In March of 2004, two reporters of the Ulkede Ozgur Gundem interviewed a Kurdish turncoat, Abdulkadir Aygan, in Ankara, Turkey.  What started as a casual talk turned into a long conversation that appeared in the pages of the daily from March 8 through March 15.  In gruesome detail, the killer recounted the murder of 29 Kurdish activists.  He implicated 31 Turkish officials, some of them as high as the provincial governors, the literal sidekicks of the Turkish prime minister in Kurdistan.  Among the dead, there was the name of Murat Aslan.  He had been, the eyewitnesses were correct, forced into a white car and taken to an outfit of the Turkish military called JITEM, which translates to something like, the Military Intelligence Service.  There, he had undergone unspeakable tortures.  Then, he was driven to the shore of a tributary of the Tigris River in the vicinity of Bezamir, a hamlet, in the province of Botan.  Shot with a single bullet to his head, from the back, he was then doused with gasoline and burnt as if he were toxic waste.  Unbeknownst to the turncoat and his murderer friends, a Kurdish shepherd was watching the whole chilling scene from afar.  A few days later, he mustered enough courage to visit the site.  All he saw were a pile of bones.  He buried them on the spot and marked the place with a few white stones.  Since no one knew of his name, word got out that he must have been a righteous one.  The villagers of the area began visiting the place as a tomb of a favorite of God.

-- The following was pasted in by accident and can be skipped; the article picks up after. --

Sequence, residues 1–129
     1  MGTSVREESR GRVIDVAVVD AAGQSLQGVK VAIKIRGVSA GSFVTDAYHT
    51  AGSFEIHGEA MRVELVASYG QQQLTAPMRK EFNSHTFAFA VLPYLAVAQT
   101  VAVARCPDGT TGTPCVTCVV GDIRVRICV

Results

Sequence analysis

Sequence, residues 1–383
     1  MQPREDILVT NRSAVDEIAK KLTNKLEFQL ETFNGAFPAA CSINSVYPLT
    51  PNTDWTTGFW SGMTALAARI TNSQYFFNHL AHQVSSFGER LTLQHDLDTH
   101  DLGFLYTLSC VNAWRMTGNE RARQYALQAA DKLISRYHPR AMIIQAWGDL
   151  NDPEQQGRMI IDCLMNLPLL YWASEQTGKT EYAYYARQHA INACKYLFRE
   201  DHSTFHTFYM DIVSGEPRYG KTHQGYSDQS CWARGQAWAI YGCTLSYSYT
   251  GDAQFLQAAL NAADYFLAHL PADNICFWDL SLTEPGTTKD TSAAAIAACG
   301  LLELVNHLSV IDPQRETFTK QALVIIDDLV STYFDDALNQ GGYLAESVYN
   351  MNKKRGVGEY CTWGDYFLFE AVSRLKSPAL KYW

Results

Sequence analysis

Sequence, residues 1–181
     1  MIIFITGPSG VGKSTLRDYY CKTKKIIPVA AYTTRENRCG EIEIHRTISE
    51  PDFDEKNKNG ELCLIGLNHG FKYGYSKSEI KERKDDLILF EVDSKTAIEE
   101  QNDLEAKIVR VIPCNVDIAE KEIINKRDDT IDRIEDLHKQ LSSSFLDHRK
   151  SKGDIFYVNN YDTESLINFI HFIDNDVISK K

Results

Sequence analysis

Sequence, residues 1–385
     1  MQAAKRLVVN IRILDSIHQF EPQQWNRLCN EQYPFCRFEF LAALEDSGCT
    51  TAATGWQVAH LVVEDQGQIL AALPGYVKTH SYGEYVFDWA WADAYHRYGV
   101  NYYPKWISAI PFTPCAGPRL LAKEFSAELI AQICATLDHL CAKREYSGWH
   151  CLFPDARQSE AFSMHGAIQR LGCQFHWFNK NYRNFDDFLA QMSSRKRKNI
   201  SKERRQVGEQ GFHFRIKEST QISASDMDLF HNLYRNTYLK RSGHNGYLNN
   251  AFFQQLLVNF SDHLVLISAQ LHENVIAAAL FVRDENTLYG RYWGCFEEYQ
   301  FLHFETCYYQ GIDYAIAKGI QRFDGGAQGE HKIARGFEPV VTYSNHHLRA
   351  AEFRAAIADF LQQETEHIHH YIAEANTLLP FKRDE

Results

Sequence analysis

One man who was reading this particular newspaper avidly was the father of the murdered Kurdish student, Izzettin Aslan.  He visited the hamlet of Bezamir and talked to the villagers about the possibility of finding an eyewitness to the death of his missing son.  Sure enough, the shepherd who had witnessed the whole thing was still alive.  He accompanied the brokenhearted father to the gravesite.  The search of ten years had come to an end in the vicinity of Tigris River.  If life had been normal, Murat would have stared at his father’s grave, a marked one back in Amed, but here he was, miles away from his home, staring at a plot of land that might still hold the remains of his boy.  What could one do under these circumstances?  I don’t know it for a fact, but I wouldn’t be surprised if he collapsed there and then.  After the visit, he appealed to the Amed Bar Association for help.  The lawyers’ organization put together a forensic team to exhume the body.  Not six feet, but one foot into the ground, they unearthed the bones.  The skull, as the turncoat and the shepherd had said, carried the scar of a single bullet hole.  The DNA tests proved the link between him and his parents.  Guli, the mother of the Kurdish student, told a Kurdish reporter, “We suffered a lot.  It is an unbearable pain.  For ten years, tears never stopped rolling down our eyes.  We could never forget it.  We want our right.”